Ricochet: How Elite Discourse Politicizes Racial and Ethnic Identities

Ricochet: How Elite Discourse Politicizes Racial and Ethnic Identities Political elites often discuss racial/ethnic outgroups in a critical light. I claim this discourse raises the salience of group identity while impugning its worth, thus inducing differential political reactions among high and low identifying group members. Specifically, high identifiers will engage in political efforts that restore their identity’s positive value by displaying ingroup favoritism and challenging the source of their group’s devaluation. In contrast, low identifiers will actively decline political opportunities to bolster their group’s devalued status. Using a national survey experiment, I randomly assigned eligible but unregistered Latino voters to a control group without elite discourse; a non-devaluing condition with elite discourse focused on illegal immigration; or, a devaluing condition with elite discourse focused on illegal immigration and critical of illegal immigrants. High identifying Latinos in the devaluing condition expressed greater pro-Latino political attitudes and a stronger intention to register and vote in a pending presidential election. This dynamic was absent in the other conditions and unrelated to Latinos’ partisan identity. These results suggest an identity-to-politics link is robustly forged among high identifying group members when they sense a devaluation of their group. http://www.deepdyve.com/assets/images/DeepDyve-Logo-lg.png Political Behavior Springer Journals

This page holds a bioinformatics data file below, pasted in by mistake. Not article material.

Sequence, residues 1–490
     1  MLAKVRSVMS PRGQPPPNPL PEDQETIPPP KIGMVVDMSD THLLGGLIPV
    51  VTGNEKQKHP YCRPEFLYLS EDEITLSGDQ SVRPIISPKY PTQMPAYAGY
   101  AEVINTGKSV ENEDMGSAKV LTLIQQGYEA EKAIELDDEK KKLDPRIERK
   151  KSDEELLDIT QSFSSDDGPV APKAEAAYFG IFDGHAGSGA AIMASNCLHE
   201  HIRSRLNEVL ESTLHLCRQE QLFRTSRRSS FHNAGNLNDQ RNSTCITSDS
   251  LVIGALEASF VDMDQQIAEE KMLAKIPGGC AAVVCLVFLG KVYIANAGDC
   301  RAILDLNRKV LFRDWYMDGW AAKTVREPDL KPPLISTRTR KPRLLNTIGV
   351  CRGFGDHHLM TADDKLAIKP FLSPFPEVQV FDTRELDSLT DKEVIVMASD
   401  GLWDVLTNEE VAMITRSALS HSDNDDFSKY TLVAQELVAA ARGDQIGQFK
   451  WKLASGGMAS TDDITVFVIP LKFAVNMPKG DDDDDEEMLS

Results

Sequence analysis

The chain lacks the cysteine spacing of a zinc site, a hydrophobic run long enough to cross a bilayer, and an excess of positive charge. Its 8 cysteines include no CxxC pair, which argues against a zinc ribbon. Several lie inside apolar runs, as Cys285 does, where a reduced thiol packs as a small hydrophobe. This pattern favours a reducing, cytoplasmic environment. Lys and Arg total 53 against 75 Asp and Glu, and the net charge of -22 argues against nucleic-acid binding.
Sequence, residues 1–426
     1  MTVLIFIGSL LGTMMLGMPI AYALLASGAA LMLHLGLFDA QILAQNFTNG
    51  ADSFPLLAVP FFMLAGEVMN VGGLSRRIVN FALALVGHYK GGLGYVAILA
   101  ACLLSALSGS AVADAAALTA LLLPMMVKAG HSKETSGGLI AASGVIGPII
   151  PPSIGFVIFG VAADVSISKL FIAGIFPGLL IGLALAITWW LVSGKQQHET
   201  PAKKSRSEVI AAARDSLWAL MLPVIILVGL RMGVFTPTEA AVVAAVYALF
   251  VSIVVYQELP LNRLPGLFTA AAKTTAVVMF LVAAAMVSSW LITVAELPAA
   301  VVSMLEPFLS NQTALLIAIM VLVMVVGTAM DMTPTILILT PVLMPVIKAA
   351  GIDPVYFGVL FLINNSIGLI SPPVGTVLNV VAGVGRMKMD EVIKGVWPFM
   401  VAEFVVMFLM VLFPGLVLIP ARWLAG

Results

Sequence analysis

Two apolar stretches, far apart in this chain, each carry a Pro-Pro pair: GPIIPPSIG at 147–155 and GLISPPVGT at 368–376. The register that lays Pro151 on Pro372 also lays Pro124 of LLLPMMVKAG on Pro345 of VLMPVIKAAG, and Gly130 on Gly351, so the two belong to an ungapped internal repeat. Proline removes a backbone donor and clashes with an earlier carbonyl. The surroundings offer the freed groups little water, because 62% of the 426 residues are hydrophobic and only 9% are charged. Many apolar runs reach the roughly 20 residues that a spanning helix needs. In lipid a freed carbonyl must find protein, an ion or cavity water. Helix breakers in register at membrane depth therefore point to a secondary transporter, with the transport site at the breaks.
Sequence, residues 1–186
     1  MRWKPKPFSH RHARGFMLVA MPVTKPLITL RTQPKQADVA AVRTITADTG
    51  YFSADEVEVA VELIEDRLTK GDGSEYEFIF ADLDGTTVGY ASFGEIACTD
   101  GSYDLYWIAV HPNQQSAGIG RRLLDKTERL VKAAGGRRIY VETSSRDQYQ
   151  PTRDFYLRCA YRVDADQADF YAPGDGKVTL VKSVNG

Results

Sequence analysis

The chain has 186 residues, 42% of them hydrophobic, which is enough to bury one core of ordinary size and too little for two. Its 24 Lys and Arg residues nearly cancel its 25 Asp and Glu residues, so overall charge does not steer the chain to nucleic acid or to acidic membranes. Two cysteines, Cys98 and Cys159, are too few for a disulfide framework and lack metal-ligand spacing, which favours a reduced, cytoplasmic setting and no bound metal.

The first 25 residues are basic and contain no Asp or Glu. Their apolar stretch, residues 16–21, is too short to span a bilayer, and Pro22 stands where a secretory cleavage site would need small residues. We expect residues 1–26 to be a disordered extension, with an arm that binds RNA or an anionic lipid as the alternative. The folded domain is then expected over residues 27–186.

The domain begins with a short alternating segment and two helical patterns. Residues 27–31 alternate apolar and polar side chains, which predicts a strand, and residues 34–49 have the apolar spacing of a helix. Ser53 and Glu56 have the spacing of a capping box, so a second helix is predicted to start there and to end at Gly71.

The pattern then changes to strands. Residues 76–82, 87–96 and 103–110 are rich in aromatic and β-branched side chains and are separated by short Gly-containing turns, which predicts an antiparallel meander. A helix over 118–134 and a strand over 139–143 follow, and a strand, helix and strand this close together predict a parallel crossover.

Ricochet: How Elite Discourse Politicizes Racial and Ethnic Identities

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Publisher
Springer Journals
Copyright
Copyright © 2013 by Springer Science+Business Media New York
Subject
Social Sciences, general; Political Science, general; Sociology, general
ISSN
0190-9320
eISSN
1573-6687
D.O.I.
10.1007/s11109-013-9262-0
Publisher site
See Article on Publisher Site

Abstract

Political elites often discuss racial/ethnic outgroups in a critical light. I claim this discourse raises the salience of group identity while impugning its worth, thus inducing differential political reactions among high and low identifying group members. Specifically, high identifiers will engage in political efforts that restore their identity’s positive value by displaying ingroup favoritism and challenging the source of their group’s devaluation. In contrast, low identifiers will actively decline political opportunities to bolster their group’s devalued status. Using a national survey experiment, I randomly assigned eligible but unregistered Latino voters to a control group without elite discourse; a non-devaluing condition with elite discourse focused on illegal immigration; or, a devaluing condition with elite discourse focused on illegal immigration and critical of illegal immigrants. High identifying Latinos in the devaluing condition expressed greater pro-Latino political attitudes and a stronger intention to register and vote in a pending presidential election. This dynamic was absent in the other conditions and unrelated to Latinos’ partisan identity. These results suggest an identity-to-politics link is robustly forged among high identifying group members when they sense a devaluation of their group.

Journal

Political BehaviorSpringer Journals

Published: Dec 20, 2013

References

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